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Raptors 101, @%!#@!$ 110 – Box

This wasn’t a humiliation of epic proportions, and that’s a good enough starting point when talking about the Raptors in Boston. As a Raptors fan you walked away from this game knowing that the overall effort was good, the team made a proper stand, and if it weren’t for two stretches where the Raptors shot themselves in the foot, things might have turned out differently, or at least the finish would have been tighter. You had to like how the Raptors responded after the early Boston offensive siege, how they withstood the crowd, and the Boston defensive pressure. What you didn’t like was the ease in the manner of which Boston scored, because it wasn’t for the defense’s lack of discipline but technical malfunction.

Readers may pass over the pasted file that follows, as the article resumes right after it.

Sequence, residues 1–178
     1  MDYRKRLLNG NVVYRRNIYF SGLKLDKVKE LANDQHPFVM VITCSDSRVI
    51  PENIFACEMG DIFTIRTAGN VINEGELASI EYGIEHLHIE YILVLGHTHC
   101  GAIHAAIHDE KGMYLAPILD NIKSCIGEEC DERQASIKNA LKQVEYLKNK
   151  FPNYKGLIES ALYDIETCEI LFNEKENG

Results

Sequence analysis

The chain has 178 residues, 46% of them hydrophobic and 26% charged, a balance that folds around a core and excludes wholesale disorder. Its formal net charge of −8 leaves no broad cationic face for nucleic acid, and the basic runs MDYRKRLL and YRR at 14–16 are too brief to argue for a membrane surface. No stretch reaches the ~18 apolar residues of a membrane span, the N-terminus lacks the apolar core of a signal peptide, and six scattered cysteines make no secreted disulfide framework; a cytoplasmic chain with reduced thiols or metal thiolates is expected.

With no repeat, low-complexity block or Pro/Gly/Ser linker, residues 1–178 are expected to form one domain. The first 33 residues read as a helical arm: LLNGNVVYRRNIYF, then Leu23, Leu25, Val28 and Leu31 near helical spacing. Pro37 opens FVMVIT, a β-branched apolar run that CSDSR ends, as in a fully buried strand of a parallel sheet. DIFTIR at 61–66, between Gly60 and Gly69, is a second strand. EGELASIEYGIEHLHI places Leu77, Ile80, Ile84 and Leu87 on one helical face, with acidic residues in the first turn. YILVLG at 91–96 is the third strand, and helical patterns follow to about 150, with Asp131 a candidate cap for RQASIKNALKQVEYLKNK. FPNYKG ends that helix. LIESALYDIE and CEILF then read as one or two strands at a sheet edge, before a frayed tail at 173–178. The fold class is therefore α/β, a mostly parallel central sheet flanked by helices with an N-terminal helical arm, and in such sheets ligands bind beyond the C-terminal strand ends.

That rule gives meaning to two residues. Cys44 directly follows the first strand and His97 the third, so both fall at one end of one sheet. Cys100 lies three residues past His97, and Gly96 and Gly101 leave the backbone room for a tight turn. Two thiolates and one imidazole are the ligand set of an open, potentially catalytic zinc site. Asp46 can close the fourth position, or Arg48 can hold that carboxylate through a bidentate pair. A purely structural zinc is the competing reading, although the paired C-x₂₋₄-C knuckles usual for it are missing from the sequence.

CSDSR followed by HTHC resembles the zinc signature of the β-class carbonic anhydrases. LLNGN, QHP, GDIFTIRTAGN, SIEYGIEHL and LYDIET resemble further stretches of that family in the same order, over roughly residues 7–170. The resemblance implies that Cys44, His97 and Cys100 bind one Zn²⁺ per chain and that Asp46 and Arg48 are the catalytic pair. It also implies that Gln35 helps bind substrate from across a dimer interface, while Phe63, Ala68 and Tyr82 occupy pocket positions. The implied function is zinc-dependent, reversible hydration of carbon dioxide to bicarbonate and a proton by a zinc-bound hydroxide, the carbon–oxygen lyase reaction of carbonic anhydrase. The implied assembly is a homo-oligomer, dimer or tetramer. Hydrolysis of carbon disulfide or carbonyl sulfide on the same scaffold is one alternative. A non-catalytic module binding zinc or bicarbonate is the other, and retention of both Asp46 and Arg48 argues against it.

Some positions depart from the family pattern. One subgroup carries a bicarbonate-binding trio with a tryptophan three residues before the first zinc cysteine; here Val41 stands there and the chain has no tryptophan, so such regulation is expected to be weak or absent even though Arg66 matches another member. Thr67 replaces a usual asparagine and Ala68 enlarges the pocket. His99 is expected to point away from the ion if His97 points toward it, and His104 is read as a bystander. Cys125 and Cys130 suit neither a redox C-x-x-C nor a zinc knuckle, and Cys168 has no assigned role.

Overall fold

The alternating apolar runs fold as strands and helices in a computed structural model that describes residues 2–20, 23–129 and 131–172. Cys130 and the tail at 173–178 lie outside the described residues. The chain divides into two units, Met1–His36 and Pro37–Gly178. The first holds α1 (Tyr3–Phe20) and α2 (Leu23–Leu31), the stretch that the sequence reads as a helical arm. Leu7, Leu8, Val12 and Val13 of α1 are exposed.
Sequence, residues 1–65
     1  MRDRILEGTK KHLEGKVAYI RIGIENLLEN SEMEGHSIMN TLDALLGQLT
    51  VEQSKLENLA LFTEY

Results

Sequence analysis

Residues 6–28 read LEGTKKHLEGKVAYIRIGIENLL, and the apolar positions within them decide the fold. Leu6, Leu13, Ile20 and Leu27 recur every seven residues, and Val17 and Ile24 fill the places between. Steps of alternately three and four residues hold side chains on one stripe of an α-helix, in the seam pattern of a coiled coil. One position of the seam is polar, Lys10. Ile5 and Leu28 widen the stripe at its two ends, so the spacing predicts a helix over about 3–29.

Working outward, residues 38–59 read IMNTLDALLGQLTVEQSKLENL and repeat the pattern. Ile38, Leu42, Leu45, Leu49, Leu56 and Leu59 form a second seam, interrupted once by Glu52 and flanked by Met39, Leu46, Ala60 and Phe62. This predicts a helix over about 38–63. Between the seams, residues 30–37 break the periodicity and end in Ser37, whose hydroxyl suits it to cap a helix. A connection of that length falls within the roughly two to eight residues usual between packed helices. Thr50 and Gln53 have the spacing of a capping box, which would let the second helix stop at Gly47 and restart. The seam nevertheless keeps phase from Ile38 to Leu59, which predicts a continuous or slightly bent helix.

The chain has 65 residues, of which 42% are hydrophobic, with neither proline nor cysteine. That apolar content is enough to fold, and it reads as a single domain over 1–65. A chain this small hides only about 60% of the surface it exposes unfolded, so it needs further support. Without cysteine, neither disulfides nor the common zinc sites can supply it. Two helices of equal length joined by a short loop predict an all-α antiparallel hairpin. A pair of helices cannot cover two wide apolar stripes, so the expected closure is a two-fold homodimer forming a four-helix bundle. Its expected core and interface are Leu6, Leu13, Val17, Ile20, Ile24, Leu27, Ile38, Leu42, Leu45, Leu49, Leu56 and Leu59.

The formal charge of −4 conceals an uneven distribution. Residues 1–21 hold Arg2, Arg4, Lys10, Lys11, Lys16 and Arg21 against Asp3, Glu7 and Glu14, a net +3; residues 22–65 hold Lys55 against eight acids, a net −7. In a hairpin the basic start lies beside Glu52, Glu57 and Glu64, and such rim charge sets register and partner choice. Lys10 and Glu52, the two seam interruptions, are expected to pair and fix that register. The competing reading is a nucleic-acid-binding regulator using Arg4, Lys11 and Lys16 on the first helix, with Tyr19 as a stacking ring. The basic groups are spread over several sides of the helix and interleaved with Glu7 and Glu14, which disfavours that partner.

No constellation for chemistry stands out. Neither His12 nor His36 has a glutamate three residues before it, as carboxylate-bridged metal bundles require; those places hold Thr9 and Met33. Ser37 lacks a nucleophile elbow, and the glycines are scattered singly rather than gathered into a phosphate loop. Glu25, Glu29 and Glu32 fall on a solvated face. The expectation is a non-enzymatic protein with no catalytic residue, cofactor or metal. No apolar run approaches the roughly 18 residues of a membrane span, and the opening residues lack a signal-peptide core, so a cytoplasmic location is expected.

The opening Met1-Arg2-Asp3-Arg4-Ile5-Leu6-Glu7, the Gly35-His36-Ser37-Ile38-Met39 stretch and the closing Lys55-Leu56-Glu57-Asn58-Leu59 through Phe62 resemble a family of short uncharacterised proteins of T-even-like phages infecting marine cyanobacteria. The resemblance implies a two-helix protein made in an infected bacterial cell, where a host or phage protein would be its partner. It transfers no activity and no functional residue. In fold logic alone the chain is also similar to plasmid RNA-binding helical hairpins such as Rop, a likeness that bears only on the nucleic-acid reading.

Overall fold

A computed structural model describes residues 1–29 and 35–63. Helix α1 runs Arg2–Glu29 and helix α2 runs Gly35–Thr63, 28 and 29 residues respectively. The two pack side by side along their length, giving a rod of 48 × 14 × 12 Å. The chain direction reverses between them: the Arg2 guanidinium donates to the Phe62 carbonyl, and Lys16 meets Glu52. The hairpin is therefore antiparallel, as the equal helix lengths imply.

Boston came out looking to heal the wounds of Wednesday night by applying tremendous defensive pressure early in the possession and then counting on Rajon Rondo to spur the offense. The start hit the Raptors hard, though they should have been expecting it. Kevin Garnett made it a point to go at Andrea Bargnani after setting up shop in transition and then catching perfect passes from Rondo to setup easy finishes. The Raptors were on their heels on defense from the get-go, offensively not much was accomplished because of Boston’s active hands in the passing lanes, ball-denial on the wing and collapsing in the paint. The Raptors tried to catch the overplay by looking for backdoor cutters – an honest response – but could only manage one score that way. Six early turnovers, many of them coming the result of predictable and dangerous passes in passing lanes that Garnett, Rondo and Allen like to prowl in resulted in nine points for Boston.